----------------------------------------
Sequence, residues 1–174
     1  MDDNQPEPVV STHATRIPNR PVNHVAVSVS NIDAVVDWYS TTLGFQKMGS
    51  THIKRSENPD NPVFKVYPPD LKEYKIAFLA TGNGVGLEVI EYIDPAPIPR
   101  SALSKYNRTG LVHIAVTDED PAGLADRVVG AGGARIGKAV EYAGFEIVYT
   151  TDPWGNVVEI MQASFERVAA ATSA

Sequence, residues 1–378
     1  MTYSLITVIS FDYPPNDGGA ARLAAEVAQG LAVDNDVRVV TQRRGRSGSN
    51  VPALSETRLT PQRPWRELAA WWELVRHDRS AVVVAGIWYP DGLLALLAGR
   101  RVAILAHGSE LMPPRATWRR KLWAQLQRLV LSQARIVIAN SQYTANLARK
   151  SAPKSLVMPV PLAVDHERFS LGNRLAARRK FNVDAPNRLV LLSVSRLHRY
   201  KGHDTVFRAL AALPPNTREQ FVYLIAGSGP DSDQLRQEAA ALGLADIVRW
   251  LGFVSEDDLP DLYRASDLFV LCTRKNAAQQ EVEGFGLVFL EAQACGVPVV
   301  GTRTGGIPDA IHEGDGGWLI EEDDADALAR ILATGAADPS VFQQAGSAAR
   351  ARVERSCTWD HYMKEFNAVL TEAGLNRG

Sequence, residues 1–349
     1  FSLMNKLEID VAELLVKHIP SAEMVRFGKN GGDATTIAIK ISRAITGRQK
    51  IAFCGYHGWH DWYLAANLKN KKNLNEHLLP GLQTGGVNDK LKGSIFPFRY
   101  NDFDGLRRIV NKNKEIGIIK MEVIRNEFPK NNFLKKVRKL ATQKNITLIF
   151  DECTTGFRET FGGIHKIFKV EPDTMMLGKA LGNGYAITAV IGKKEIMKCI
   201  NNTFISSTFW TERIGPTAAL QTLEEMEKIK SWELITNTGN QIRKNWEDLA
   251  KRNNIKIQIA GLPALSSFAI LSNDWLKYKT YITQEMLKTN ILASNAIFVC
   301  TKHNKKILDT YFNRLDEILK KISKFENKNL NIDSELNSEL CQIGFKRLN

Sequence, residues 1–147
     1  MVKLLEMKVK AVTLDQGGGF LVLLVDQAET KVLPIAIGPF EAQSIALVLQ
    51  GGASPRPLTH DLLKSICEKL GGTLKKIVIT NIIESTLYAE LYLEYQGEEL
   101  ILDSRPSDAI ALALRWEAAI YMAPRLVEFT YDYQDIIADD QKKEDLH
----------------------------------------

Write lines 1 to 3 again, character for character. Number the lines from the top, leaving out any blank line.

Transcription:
Sequence, residues 1–174
     1  MDDNQPEPVV STHATRIPNR PVNHVAVSVS NIDAVVDWYS TTLGFQKMGS
    51  THIKRSENPD NPVFKVYPPD LKEYKIAFLA TGNGVGLEVI EYIDPAPIPR